The hire will participate in The Carolina Digital Humanities Initiative and collaborate with the University’s Digital Innovation Lab. The position carries a $50,000 start-up fund with the expectation that the candidate will arrive on campus prepared to pursue a robust and innovative digital research agenda. (This fund includes moving expenses.)
Review of applications will begin on 10 November 2014 and interviews will be conducted at the MLA convention in January.
Read more about this job on the MLA Job Listing, or view and apply for the job here.
The application window is currently closed. Stay tuned for future opportunities to join a Faculty Learning Community in Digital Humanities.
This past spring, the Digital Innovation Lab and the Center for Faculty Excellence launched a Faculty Learning Community in Digital Humanities (DH FLC). We are now accepting applications from UNC-CH faculty members interested in joining the group beginning in Fall 2014. Current members of the DH FLC do not need to reapply.
The group will meet on the first and third Fridays of each month throughout the fall semester from 9am-11am:
- September 5, 2014
- September 19, 2014
- October 3, 2014
- October 24, 2014 (rescheduled from October 17, which is Fall Break)
- November 7, 2014
- November 21, 2014
- December 5, 2014
- December 19, 2014
The DH FLC is intended for faculty who are interested in incorporating digital technologies and approaches into their humanities teaching and research. Over the course of the year, the DH FLC will learn together and from one another about digital humanities approaches and methodologies, study exemplar projects, and be exposed to a range of open-source tools for creating digital humanities projects. Participants will apply what they learn toward developing a digital humanities project to be used for hands-on, undergraduate learning.
The DH FLC is meant to be an interdisciplinary and diverse group. Faculty with little/no technical knowledge are encouraged to apply, as are those with DH experience. There are no technical or experiential prerequisites for joining the DH FLC beyond an interest and curiosity in DH teaching and research. UNC-CH faculty at all ranks (tenure, tenure-track, fixed-term, adjunct, research or clinical rank, lecturers, or instructors) are invited to apply.
The DH FLC is part of the Curricular Innovation and Professional Development program of the Carolina Digital Humanities Initiative (CDHI), an effort supported by the Andrew W. Mellon Foundation to develop a sustainable and scalable model of digital humanities at UNC.
Learn more about the DH FLC and how to apply. Applications are due Monday, August 25, 2014 by 5pm. Questions should be directed to Stephanie Barnwell or Molly Sutphen.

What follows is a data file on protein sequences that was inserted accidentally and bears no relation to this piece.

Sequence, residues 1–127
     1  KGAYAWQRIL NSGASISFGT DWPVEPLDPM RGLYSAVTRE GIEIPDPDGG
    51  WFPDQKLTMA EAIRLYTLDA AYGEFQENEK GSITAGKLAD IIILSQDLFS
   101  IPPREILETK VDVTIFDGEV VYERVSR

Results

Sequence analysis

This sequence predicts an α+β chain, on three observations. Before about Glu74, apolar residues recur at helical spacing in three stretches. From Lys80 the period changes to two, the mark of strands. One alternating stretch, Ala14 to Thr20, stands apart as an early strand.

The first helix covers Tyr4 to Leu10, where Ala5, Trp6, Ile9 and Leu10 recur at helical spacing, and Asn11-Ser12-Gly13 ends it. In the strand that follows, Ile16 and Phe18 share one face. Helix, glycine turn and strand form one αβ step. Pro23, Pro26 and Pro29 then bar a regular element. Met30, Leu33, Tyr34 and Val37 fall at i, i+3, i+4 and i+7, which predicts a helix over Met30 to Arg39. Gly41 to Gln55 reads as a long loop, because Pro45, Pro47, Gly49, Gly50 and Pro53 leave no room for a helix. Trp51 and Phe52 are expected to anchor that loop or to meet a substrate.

Part of the Carolina Digital Humanities Initiative the DIL/IAH Faculty Fellowships support UNC faculty who are interested in developing digital humanities as a significant dimension of their academic practice; pursuing an interdisciplinary, collaborative digital humanities project arising from their research, pedagogy, or engaged scholarship that is likely to be of interest to users beyond academic specialists and which raises larger social, historical, literary, or artistic issues; reflecting upon and discussing with colleagues the implications of digital humanities for their own academic practice; and applying what they have learned as DIL/IAH Faculty Fellows to their graduate and/or undergraduate teaching and mentoring.
Applications are due Friday, September 26, 2014. Please review the 2015 Guidelines thoroughly. Apply online at the Institute for the Arts and Humanities website.
Interested faculty are strongly encouraged to arrange for a consultation before applying. Please email DIL Associate Director Pam Lach as soon as possible, but no later than September 15, to schedule a consultation. We cannot guarantee that DIL staff will be available to consult or provide feedback on an application after September 15.
A project proposal workshop will be held on Tuesday, August 26, 3-5 pm in the Digital Innovation Lab (Greenlaw 431). Email Stephanie Barnwell, CDHI Programs Coordinator, to RSVP no later than Friday, August 22.
DIL/CDHI Technology Lead Michael Newton is the inaugural recipient of St. Andrews University Scottish Heritage Center’s Saltire Award for “outstanding contributions to the preservation and interpretation of Scottish history and culture.” The Scottish Heritage Symposium marks its 25th year convening in Laurinburg, North Carolina, the site of the largest settlement of Scottish Highland immigrants in eighteenth-century North America.